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Old 21-01-2019, 11:08 PM
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mynameiscd (Andy)
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Thanks to Ken, Paul, Chris, Andy, Martin, Karl, Darrell, Gary, Raymo, Russell, and Markus.
Been flat out at work to even get my scope out and we're in the middle of another heatwave.
You have all given me heaps of info to digest.
First to align my polescope with my mount.
Second to align my telescope with my mount. Ive noticed there are adjustment screws on my dovetail so now to work out the best way to do it.
I think if the polescope though the mount is spot on and RA and DEC are zeroed when parked, then align my scope with the same spot in the sky as the polescope ( not that easy ) I should be close.
Then do a drift and then zero and check again and adjust the dovetail.
I do like the sound of a Polemaster but i think i need to do my 'apprenticeship' and get Drift and Darv totally under my belt.
I bought a second hand Heq5 with the PEC error already set. I still wondering if i should redo the PEC as well after i get everything square and aligned?
I leave my mount in the same place and cover it and put my scope on and off. I put some marks on the dovetail so it goes in the same place each time so when i get my mount polar aligned it should be the same every time.
Thanks for all your help, its started a bit of a debate on how to do what and whats beter etc.
After reading a bit i think its down to what works for you and how much time you have etc.
Thanks Gary for pointing out that there is no real perfect alignment so thats my excuse anyway.....
Cheers all
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Old 21-01-2019, 11:25 PM
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Stonius (Markus)
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Originally Posted by gary View Post
Hinks addressed this very problem in a paper to the Royal Society in
Dang! So I was pipped at the post with that one by a mere 121 years. Oh well, I'll just keep working on my pet theory that energy and mass are different forms of the same thing.

It's interesting what you say about the refraction of the pole itself. I hadn't considered that, and it makes sense that those further north would have very different levels of refraction as the pole sinks towards the horizon.

I also didn't realise that king tracking was a thing of the past, more or less. I use it on my Losmandy GII, more because I liked the sound of what it did, but maybe I shouldn't bother.

Thanks for sharing your extensive knowledge.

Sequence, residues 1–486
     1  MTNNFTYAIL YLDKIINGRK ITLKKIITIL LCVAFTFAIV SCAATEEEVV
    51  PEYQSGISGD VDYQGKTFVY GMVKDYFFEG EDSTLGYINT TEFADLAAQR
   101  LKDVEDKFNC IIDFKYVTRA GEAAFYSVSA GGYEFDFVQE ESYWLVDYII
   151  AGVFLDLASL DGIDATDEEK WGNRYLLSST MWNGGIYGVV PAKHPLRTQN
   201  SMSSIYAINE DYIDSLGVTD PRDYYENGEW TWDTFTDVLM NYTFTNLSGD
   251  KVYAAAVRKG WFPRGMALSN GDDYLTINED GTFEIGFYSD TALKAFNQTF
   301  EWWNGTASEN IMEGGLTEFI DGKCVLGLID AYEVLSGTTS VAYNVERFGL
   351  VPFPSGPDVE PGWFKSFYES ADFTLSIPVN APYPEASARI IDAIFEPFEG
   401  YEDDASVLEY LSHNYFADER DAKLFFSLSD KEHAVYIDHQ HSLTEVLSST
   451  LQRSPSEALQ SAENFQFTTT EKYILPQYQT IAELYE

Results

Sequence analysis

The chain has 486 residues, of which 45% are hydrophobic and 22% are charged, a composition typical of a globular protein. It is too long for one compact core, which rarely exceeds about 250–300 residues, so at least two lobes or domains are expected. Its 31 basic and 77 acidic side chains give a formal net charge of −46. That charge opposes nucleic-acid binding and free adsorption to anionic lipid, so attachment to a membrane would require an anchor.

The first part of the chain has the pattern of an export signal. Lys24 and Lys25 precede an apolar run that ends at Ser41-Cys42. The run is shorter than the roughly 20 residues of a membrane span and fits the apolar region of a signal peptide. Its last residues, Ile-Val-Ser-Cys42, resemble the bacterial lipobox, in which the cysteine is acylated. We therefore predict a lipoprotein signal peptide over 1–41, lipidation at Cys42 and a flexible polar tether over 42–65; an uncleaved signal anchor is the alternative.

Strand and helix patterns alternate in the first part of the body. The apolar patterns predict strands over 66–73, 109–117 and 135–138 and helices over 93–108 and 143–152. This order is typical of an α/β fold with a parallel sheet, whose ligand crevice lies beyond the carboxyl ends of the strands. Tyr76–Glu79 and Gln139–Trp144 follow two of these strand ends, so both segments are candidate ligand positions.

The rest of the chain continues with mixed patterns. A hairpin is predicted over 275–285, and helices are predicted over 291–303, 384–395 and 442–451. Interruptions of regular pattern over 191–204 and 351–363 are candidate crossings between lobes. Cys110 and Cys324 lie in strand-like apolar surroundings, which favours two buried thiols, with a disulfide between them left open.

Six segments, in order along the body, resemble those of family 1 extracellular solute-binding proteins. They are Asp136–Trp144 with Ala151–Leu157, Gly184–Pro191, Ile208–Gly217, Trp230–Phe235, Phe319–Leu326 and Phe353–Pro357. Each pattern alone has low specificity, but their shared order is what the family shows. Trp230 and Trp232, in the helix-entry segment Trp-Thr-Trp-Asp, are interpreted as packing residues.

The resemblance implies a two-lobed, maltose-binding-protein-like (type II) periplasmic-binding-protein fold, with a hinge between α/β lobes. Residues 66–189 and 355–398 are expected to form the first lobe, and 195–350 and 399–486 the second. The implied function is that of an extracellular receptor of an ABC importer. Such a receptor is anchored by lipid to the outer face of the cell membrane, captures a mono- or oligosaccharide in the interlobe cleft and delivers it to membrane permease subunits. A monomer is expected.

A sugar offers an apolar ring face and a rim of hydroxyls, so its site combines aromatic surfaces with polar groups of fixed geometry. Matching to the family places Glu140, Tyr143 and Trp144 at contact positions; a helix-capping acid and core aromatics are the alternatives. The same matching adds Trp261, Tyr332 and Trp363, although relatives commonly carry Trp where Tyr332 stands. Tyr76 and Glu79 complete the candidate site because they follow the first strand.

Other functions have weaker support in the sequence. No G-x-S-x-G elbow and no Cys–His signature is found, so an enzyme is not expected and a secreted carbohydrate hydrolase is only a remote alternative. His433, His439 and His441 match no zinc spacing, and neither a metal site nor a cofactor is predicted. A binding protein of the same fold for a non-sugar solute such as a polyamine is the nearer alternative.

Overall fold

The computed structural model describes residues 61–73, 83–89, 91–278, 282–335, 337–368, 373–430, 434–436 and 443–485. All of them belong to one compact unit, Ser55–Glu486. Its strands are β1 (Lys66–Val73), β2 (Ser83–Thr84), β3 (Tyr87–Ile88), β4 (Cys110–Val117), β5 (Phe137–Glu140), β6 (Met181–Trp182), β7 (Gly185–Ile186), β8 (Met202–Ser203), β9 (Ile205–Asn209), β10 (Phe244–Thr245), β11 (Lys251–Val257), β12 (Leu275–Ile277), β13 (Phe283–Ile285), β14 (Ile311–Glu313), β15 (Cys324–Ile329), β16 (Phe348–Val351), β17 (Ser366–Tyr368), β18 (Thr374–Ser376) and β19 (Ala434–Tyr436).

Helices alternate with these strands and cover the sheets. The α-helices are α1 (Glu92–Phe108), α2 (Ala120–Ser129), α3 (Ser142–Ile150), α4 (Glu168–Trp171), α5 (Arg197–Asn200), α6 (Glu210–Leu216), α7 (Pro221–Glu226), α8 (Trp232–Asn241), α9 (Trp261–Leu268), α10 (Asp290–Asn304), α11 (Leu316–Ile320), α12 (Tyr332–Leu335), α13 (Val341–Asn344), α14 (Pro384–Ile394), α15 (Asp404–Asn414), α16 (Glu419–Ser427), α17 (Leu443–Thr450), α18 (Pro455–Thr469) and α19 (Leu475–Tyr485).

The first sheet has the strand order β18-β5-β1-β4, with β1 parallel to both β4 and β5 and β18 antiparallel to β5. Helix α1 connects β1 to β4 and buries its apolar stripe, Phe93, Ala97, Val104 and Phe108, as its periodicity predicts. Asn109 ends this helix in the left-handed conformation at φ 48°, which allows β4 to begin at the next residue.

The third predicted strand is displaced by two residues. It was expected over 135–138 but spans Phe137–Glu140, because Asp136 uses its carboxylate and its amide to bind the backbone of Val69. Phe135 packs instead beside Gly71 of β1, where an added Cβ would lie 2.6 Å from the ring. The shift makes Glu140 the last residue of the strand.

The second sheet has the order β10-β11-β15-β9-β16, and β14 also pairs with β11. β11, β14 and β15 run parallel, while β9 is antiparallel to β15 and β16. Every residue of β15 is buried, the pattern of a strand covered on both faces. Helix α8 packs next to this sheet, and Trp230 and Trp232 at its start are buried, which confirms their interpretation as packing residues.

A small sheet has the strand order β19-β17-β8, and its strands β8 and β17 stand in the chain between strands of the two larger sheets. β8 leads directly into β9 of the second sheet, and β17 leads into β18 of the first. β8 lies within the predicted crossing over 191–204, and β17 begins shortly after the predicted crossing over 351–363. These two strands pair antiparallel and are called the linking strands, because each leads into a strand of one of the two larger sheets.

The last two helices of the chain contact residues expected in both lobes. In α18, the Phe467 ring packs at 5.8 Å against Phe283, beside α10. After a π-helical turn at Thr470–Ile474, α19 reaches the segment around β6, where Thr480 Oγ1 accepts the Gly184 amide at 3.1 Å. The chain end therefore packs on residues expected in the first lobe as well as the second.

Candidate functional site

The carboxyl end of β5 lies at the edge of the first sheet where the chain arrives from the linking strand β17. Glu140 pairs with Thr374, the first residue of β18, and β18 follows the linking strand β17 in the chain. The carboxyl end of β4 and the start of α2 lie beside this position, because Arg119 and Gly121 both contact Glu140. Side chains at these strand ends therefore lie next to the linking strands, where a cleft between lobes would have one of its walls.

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Old 11-02-2019, 01:22 PM
tvandoore (Tim)
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Fascinating stuff.

Shows how spoilt/lazy we all are with tools like sharpcap's polar align and astrotortilla.
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Old 23-02-2019, 09:15 AM
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Sunfish (Ray)
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I have been using drift alignment to align my mount since starting and always rely on it. Not because I am so clever but because it is all I know and can’t see the pole. But I have got pretty good and quick at it to check after I have bumped the pier plate.. Thanks to


I notice when I checked this with the PhD drift tool it seemed to agree with my visual set up which I did not expect. The HeQ5 however has not enough resolution in its encoders to give as good an alignment answer as the old Argo Navis 10000 step encoders on a fork . It is all over the shop and perhaps you have pointed one of the reasons.
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Old 23-02-2019, 12:15 PM
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RobF (Rob)
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Originally Posted by gary View Post
Hi Raymo,

Not quite.

It is important for practitioners to appreciate that there is no such
thing as a 'perfect' polar alignment.

It does not exist and cannot be achieved.

At best, one can find an optimal compromise depending on where you
are imaging in the sky.

One problem is that for any given elevation in the sky, the amount of
“lifting” to a star caused by refraction is different when compared to a
star at some different elevation.

What’s more, as the star advances across the sky in elevation, the
amount of “lift” is continually varying.

Plus within the FOV, points in the sky that are at lower elevations are
“lifted” more than those at higher elevations. The wider the FOV,
the more the “compression” within the image.

That also means there will still be some field rotation within
the FOV on an equatorial telescope.

So for any given point in the sky you wish to image, the optimal polar
axis will be slightly different and unfortunately continually changes with time.

So the fact that an equatorial mount moves around its polar axis in a
perfect circle can, in some ways, be considered a mechanical
compromise, as the stars don’t circle the sky in perfect circles.

What's more, since the amount of “lifting” to a star caused by refraction
is different when compared to a star at some different elevation,
that also means the tracking rate will continually vary.

So in the case of a long drift test, one is simply averaging the misalignment
error in the part of the sky the test was performed.

The result will differ at some different part of the sky.

Best Regards

Gary Kopff
Mt Kuring-Gai NSW

I wonder about the top end mount users that wax lyrical about "10 mins unguided with my SuperBrand XYZ with triple axis encoders". Shirley they must be pointing in an area of the sky where their current PA has "lucky" correction for refraction then?
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